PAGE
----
Suzi's Blog

Raspberry Adobo Agua Fresca

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Growing up in Oregon, I was surrounded in spring and summer by fields of berries, mostly strawberry because they have higher productivity than raspberries. And strawberries behave themselves, while raspberries tend to “grow wild” and spread out of control. They are members of the rose family after all.

The United States grows 9% of the worldwide crop. Russia grows 26%. I have no idea what Putin and his associates do with them. I will research. There’s only so much vodka you can make.

The beverage above has no vodka, but it does have a bit of a kick. This is my latest agua fresca and I investigated what to do about the essential flavor of raspberries. Don’t get me wrong. I love raspberries. The color of raspberry red is immediately recognizable. Darker, deeper, more mysterious than pure strawberry read.

No, my issue is that raspberries tend to be tart and have a monolithic flavor. These days, mixologists will use 6+ ingredients to create cocktails with an abundance of flavor notes and layers. Wine makers have, of course, been doing the same for centuries. There is surely some difference between a deep Burgundy and the one-note of Welches Grape Juice.

Same issue as the raspberries: one note. The skills of a mixologist need not be devoted to just cocktails. Any beverage can be experimented with, extended, and amplified.

To give raspberries more flavor here, I’m doing a yin-yang approach. There is some lemon juice, which always brightens. There is sugar to sweeten. And there is Adobo Honey — see yesterday’s post! — for a second layer of sweetness and just the barest image of heat in the finish of your sip. This drink is not fiery, but it has full sweetness and series of flavor layers that you will sense and adore.

About the sweetness. This recipe calls for 1 cup of simple syrup, which consists of ½ cup of water and ½ cup of sugar. You’ll find agua fresca recipes that call for a range of sugar: from 1 tablespoon to that full ½ cup. You can adjust as you wish. But the sugar syrup is viscous, and I find that it adds some body to the drink. Textures is one of the senses involved in “tasting” food and here the syrup plays a double role of sweeter and “thickener.”

To make it easy for you, the Adobo Honey is made with ⅔ cup honey and 1 teaspoon adobo sauce from a can of chipotle pepper in adobo. Please, start with 1 teaspoon the first time out. Go for more heat in future experiments.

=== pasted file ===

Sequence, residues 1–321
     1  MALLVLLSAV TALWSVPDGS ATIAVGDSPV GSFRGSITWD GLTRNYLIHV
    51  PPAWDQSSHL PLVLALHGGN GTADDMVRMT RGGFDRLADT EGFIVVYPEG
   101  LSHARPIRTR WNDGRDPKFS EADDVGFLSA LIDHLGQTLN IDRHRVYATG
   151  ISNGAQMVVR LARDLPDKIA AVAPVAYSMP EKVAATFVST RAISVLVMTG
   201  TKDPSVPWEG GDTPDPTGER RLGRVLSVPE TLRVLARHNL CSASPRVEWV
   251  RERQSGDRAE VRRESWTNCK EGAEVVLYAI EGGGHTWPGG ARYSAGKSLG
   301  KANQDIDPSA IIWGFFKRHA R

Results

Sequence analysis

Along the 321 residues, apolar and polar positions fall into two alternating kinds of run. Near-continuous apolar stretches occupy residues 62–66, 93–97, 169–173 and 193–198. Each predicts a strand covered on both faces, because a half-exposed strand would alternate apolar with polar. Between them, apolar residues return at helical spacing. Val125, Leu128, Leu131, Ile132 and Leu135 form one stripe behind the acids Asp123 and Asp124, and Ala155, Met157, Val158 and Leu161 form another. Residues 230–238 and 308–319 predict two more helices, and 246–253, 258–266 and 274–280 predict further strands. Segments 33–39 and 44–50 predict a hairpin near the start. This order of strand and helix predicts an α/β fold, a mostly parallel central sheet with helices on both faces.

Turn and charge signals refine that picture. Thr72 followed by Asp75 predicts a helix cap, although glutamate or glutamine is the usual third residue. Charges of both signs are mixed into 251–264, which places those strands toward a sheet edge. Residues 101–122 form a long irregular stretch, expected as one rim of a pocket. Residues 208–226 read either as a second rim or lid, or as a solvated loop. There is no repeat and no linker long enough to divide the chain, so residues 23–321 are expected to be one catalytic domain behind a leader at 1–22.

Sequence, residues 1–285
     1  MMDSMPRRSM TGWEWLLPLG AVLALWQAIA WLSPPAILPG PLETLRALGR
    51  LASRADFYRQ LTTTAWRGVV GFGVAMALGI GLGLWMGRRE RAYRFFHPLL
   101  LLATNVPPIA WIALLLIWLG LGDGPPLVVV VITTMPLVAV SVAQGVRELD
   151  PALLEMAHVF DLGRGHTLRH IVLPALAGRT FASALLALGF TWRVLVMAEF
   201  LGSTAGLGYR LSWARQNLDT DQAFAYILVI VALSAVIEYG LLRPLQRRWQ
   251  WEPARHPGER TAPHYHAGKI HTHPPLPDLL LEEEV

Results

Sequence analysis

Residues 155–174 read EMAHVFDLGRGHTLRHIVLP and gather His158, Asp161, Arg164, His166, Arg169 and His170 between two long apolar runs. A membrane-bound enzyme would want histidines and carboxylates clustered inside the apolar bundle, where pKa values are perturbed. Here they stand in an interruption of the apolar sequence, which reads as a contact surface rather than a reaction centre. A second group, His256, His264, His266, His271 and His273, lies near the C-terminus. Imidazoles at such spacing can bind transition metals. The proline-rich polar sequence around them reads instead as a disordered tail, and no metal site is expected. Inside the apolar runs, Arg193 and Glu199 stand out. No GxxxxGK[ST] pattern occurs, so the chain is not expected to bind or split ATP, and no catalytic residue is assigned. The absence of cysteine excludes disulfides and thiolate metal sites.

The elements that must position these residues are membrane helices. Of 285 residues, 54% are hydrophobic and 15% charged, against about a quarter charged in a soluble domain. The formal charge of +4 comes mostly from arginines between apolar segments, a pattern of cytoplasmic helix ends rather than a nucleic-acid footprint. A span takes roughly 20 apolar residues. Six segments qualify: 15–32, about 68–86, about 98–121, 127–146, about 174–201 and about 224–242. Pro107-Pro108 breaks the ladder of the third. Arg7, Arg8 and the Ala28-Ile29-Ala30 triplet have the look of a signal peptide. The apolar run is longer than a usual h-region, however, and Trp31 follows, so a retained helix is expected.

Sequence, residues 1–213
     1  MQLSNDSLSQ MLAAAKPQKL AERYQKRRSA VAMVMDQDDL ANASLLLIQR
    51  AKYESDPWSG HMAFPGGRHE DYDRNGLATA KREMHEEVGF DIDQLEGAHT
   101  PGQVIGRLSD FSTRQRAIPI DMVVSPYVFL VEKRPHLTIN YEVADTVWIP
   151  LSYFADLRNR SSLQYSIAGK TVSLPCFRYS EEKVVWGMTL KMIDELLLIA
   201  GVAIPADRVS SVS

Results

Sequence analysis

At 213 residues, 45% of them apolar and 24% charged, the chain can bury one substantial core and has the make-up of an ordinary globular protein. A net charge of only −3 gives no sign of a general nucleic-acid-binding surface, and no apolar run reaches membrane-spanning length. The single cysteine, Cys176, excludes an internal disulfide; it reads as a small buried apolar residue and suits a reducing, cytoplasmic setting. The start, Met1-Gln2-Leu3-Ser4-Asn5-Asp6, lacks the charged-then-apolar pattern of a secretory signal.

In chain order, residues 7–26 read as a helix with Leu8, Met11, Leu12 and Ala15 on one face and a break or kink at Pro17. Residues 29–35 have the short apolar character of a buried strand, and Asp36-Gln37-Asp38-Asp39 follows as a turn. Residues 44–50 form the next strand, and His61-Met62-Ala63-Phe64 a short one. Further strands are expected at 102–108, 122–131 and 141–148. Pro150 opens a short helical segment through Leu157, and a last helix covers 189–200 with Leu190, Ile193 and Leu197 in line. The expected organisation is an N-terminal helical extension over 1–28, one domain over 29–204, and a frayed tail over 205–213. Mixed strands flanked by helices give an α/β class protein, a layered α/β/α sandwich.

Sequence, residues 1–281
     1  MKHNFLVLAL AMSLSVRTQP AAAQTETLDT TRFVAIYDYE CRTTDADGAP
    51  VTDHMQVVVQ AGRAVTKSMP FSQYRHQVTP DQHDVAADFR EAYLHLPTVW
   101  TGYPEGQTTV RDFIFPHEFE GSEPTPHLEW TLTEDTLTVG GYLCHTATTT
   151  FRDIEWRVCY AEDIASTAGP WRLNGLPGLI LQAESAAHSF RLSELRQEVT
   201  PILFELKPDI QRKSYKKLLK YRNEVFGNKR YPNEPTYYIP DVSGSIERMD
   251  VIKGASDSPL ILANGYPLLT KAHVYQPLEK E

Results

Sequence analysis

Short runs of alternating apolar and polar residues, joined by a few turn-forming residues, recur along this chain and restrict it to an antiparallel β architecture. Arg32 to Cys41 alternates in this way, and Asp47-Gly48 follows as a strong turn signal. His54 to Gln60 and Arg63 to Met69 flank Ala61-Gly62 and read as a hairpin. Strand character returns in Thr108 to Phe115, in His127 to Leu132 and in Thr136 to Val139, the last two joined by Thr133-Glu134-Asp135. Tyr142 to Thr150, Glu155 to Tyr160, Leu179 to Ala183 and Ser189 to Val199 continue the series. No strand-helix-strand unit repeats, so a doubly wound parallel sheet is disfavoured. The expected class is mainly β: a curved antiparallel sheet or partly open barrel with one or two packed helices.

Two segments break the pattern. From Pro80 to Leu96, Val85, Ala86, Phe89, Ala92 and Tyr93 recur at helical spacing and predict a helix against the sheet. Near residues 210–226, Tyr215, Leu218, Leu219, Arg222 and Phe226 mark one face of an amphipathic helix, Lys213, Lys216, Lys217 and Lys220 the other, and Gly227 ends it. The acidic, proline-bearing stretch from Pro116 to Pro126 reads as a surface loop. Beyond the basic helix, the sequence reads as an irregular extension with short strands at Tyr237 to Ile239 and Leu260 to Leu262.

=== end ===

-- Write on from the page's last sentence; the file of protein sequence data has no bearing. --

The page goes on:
Raspberry Adobo Agua Fresca

Yield: 4+ cups


  • Two six-ounce packets of fresh raspberries
  • 3 cups of water
  • Juice of one medium lemon
  • 1 cup of simple syrup
  • 1 tablespoon of Adobo Honey


Put the berries and water in a blender and process for two minutes. Strain through a fine wire mesh sieve. There will be considerable residue — with a blender and even with a Vitamix.

Stir in the lemon juice, simple syrup, and adobo honey. Mix very thoroughly. The honey can be viscous, so you may want to warm it before stirring in.

Chill thoroughly before consuming. At least 4 hours. And then, you can taste test. More sweetness is unlikely. But you can mix this agua fresca with some sparkling water to dilute the flavor a tad while imposing those bubbles. Or, you can mix this with the sparkling wine of your choice, in the proportions of your choice, to create an unmatched summer aperitif.

Sources: Brian O’Rourke

Photo Information Canon T2i, EFS 60 mm Macro Lens, F/5.0 for 1/15th second at ISO-3200



Black Pepper Syrup




That picture is the incredible residue from making Black Pepper Syrup. The syrup is for beverages. There is a beverage idea just below and a full blown beverage recipe coming tomorrow.

I investigate several black peppery syrup recipes but this is the one I like because it uses far more pepper — a full ½ cup of peppercorns for only about 3 ounces of syrup. Cooked in water and sugar, the leftover peppercorns are soft and little sweet. Do NOT throw them away. Go buy a great steak, and enjoy a Steak au Poive with a sweet bite. These peppercorns are meant to adorn meat and they contribute mightily to the steak sauce you’ll be making.

Now, how to use this syrup. One suggestion, from Food and Wine Cocktails 2013, is double down. Pour a glass of Drambuie, which is already rocket fuel class, and then add shots of both this Black Pepper Syrup and the Habanero Honey Syrup that has been blogged here. What you will have there is confluence of flavors sure to astonish your sensory system. By “shot” I mean you should experiment to get just the layering and lingering of flavors that you enjoy. It’s quite personal and definitely hot.

The shot of flavorless vodka suggested in the recipe is to give longer life to your syrup. Without the alcohol, the syrup will refrigerate for up to 2 weeks. With the vodka, you’ll surely have another 2 weeks of safe usage. And with this small a volume and the wonderful flavor, I expect this syrup will quickly be absorbed into your beverage history long before a month has passed.


Black Pepper Syrup

Yield: 3+ ounces


  • 4 ounces of water
  • ½ cup sugar
  • ½ cup black peppercorns
  • ½ ounce flavorless vodka


In a small saucepan, combine the water sugar and peppercorns. Bring to a boil stirring occasionally. Once at a boil, reduce the heat to a moderately low and simmer for 10 minutes. Strain the syrup into a jar. Let cool. Add the vodka. Tightly seal and refrigerate for up to one month.

Source: Food & Wine Cocktails 2013

Photo Information: Canon T2i, EFS 60MM Macro Lens, F/2.8, 1/100th second, ISO-1600